EFL Clubs Unite Against Pyrotechnics Use
ARGYLE are reiterating their zero tolerance stance on the use of pyrotechnics at football grounds, to accompany an official statement released by the FA.
Examples of pyrotechnics used at football grounds include flares and smoke grenades. To bring one into the ground, or use them at any time, is a criminal offence and the club will work with police to bring charges against anyone who is caught.
Plymouth Argyle have previously handed out an indefinite ban to a fan caught using a smoke grenade during an away match against Yeovil Town. Such a ban will be handed out immediately to all other perpetrators caught in the future. As part of the legal process, a Magistrates Court could hand an extended ban across all stadia, as well as a hefty fine. Repeat offenders may even face a custodial sentence for their actions.
Argyle have also cancelled tickets belonging to fans who have promoted the use of pyrotechnics on social media, or who have openly planned to bring one into the ground with them. The club acts robustly to find potential perpetrators, and monitors social media output as part of this approach.
We will of course maintain pre-match checks to ensure that no suspicious objects are being carried into the stadium on matchday. Should an incident occur nonetheless, we will work closely and swiftly with police authorities to find and bring charges to whoever is responsible for the act.
Criminal acts of this nature could have a wider impact on the club. The FA have previously issued warnings to the club as a result of poor acts of fan behaviour, and the FA are within their rights to enforce sanctions, potentially of a financial nature, onto the club if future warnings do not lead to an improvement in behaviour.
An EFL media release reads as follows: On the eve of this weekend’s Guy Fawkes celebrations, all 72 EFL Clubs have signed up to a new Chairman’s Charter to help put an end to the dangerous use of pyrotechnics, which include smoke bombs, flares and fireworks within EFL football grounds.
The introduction of the single issue charter comes amid increasing concerns about the proliferation of pyrotechnics being used in stadia during the opening matches of the 2017/18 season with its main objective to act as a future deterrent.
It also follows a number of incidents of significant concern where supporters have suffered serious injuries, including a 15-year-old boy who required hospital treatment for lung damage after a smoke bomb was thrown during a game.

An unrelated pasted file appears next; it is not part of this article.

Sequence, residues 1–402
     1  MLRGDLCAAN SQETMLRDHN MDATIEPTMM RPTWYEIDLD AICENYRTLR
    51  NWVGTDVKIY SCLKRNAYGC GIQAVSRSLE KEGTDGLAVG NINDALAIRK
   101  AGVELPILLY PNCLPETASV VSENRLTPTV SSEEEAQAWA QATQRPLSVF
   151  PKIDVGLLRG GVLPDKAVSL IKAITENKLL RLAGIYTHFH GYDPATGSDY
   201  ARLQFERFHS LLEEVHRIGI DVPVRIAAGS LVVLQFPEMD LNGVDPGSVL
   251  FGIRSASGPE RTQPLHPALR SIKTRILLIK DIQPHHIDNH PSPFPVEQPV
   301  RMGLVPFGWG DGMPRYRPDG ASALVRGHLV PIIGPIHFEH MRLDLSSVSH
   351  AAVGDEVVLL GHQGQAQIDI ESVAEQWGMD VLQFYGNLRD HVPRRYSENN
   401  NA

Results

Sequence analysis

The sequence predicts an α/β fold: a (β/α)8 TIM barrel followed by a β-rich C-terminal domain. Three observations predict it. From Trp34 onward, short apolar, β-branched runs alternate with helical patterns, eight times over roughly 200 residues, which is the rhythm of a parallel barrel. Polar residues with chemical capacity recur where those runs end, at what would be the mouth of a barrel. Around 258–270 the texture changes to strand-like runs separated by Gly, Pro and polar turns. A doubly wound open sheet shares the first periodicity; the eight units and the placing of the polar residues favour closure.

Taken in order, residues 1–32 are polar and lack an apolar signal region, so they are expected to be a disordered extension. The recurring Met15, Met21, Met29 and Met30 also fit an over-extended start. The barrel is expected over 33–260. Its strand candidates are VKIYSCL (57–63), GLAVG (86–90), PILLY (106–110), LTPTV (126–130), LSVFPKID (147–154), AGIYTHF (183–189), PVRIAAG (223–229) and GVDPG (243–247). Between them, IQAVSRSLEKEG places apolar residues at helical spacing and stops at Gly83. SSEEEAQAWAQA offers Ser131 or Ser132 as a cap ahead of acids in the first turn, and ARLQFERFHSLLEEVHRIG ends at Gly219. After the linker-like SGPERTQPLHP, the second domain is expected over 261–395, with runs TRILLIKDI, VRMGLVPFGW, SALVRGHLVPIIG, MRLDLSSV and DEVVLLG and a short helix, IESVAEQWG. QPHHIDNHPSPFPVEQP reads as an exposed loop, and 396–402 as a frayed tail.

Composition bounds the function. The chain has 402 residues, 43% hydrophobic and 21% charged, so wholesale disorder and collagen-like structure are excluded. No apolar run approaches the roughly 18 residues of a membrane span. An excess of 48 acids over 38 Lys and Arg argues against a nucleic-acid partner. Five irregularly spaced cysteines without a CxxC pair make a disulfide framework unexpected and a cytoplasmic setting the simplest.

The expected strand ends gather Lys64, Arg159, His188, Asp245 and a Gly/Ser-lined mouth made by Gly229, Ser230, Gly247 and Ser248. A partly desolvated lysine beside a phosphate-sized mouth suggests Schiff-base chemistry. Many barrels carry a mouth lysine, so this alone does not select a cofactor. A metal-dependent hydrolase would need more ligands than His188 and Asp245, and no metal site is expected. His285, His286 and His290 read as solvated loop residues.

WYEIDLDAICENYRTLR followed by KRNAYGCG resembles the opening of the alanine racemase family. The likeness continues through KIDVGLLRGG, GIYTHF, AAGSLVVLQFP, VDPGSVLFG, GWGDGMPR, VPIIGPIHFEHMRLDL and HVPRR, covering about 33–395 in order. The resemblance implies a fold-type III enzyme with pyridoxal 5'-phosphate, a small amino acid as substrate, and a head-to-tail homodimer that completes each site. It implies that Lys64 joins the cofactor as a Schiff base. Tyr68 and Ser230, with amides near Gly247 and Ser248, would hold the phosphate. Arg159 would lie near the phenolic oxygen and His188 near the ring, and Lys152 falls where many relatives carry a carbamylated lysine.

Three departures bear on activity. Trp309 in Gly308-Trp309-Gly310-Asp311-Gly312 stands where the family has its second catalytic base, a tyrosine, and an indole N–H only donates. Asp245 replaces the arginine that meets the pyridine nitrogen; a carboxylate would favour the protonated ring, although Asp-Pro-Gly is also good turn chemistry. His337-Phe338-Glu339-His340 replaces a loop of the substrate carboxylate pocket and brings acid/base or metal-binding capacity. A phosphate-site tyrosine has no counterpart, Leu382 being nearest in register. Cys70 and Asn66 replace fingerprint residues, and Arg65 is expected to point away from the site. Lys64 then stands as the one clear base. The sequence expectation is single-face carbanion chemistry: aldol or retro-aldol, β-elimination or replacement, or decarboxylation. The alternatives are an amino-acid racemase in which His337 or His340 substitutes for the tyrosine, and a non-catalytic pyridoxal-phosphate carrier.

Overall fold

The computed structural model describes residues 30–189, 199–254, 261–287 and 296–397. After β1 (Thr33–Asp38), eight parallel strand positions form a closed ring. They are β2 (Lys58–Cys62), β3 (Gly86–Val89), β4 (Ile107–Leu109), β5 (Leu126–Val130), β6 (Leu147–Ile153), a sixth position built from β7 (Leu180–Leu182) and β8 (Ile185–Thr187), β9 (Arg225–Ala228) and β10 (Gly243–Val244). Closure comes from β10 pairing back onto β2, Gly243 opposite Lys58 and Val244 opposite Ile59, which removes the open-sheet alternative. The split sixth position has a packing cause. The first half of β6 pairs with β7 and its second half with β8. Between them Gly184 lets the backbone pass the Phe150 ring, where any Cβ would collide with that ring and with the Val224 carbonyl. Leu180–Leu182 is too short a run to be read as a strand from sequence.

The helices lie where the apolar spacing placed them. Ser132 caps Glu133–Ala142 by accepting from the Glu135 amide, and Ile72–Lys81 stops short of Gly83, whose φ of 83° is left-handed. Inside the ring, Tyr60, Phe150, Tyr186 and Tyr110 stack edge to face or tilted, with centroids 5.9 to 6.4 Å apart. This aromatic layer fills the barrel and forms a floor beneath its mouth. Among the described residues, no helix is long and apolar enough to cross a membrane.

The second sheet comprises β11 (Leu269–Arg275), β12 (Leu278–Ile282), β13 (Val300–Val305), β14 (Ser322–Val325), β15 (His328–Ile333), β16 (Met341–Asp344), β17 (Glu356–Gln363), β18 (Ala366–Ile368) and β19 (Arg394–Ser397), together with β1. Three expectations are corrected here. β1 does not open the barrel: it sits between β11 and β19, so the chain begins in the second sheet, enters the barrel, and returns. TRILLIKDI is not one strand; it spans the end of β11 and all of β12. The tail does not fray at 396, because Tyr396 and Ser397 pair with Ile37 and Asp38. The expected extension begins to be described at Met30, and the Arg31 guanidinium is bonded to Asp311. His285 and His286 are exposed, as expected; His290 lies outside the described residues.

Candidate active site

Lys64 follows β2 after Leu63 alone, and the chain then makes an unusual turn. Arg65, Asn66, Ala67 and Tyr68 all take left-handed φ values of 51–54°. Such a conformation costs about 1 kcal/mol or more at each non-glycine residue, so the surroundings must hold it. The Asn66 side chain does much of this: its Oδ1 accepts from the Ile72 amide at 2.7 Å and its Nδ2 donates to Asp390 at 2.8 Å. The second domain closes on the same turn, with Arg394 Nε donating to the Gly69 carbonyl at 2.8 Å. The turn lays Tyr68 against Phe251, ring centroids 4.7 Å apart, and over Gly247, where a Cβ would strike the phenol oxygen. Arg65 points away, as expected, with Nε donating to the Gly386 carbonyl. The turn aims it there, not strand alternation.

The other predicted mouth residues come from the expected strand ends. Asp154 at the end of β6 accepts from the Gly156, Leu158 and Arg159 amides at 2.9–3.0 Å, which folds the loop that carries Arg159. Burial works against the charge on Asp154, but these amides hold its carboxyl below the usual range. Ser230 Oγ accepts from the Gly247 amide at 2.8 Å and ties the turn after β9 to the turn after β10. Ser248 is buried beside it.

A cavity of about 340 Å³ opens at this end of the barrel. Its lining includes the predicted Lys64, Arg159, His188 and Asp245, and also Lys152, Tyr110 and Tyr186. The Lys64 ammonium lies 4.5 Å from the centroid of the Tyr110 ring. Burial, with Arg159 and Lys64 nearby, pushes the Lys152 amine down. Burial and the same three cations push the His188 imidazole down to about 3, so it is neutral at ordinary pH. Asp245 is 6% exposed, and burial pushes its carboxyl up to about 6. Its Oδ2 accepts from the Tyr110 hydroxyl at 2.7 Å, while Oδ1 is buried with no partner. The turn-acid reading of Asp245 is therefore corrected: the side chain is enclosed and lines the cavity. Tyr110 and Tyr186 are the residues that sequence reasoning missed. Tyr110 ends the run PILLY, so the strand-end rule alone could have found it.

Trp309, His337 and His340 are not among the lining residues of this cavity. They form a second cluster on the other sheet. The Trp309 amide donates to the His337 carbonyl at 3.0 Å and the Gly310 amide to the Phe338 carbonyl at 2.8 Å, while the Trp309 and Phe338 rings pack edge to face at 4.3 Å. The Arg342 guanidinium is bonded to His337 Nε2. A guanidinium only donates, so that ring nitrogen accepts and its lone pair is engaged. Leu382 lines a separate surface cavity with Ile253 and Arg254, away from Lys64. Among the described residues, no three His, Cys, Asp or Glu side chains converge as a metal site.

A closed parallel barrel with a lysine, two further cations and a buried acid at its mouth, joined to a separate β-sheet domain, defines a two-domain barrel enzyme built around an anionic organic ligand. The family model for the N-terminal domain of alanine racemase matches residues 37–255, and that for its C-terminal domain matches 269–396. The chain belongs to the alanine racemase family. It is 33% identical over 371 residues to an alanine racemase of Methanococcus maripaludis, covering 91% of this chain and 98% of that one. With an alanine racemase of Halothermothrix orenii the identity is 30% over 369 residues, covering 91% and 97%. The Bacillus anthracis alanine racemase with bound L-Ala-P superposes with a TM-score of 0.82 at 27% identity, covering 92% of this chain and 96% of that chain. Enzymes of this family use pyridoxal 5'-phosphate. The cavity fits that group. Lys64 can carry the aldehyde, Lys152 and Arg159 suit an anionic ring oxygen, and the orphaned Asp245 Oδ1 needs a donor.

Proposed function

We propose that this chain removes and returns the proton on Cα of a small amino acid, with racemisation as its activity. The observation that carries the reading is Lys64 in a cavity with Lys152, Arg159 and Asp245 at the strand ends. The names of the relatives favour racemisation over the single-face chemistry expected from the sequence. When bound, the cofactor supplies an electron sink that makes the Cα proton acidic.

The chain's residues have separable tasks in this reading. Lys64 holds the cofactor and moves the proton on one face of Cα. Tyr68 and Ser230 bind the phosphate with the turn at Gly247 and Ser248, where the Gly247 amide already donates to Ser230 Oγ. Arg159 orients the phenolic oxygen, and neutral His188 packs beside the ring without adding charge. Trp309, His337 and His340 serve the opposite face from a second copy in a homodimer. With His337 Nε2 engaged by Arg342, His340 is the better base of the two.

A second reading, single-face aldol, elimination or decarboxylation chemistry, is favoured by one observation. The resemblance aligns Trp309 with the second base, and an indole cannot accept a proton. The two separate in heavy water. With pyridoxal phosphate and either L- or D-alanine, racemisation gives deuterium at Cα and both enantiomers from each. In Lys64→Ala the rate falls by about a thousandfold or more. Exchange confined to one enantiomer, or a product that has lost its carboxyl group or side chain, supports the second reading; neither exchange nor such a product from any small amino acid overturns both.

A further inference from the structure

In conjunction with police forces around the country, EFL Clubs will take strong and decisive action against any fan found attempting to bring a banned item into a ground. The same will apply to supporters who choose to discharge pyrotechnics within a stadium environment. Police should be informed of such incidents and consideration given to a prosecution and subsequent banning order, where sufficient evidence is forthcoming of a criminal offence.
Any supporter found to be in breach of the terms of the charter will face a minimum three-season Club ban. Clubs will be permitted the flexibility to reduce the length of the Club ban should an offender recognise the danger of their actions.
EFL Chief Executive Shaun Harvey said: “Taking pyrotechnics into our grounds is a criminal offence and, where there is evidence that the law has been broken, the police will always seek to impose a football banning order as an appropriate measure.
“The EFL recognises the collective role it must play in deterring supporters from committing pyrotechnic offences and from today, as a result of the introduction of the new charter, our Clubs in all instances will ban any supporter if they are found to be in possession of a banned device when entering an EFL venue. The same will apply to anyone who discharges a pyrotechnic when inside a stadium facility.
“We understand the prospect of banning supporters is not an easy one for Clubs to contemplate and I would like to take this opportunity to thank all our member Clubs for their commitment to help deliver this important initiative on a collective basis.”
The National Police Chiefs' Council Lead for Football Policing, Deputy Chief Constable Mark Roberts said: “The use of pyrotechnics at football grounds presents a real risk to fans – there have been serious injuries and even a death as a result of their use. Our primary aim is always to keep fans safe and so welcome the EFL’s initiative to highlight and tackle the issue.
“The use of pyrotechnics or even trying to get them into a ground is a criminal offence. People using them are likely to face prosecution and a football banning order and aside of those consequences I would ask fans to consider how they would feel if, as a result of their actions, another supporter was scarred for life, seriously injured or worse.”
Tony Crook, Group Manager, Prevention, Protection and Road Safety at Lancashire Fire and Rescue Service added: “We support the EFL and its Clubs in taking this stance. Burning at over 1000 degrees these devices are highly likely to cause horrific burn injuries or even worse. Management should adopt and enforce a clear policy prohibiting spectators from bringing flares or fireworks into the sports ground.”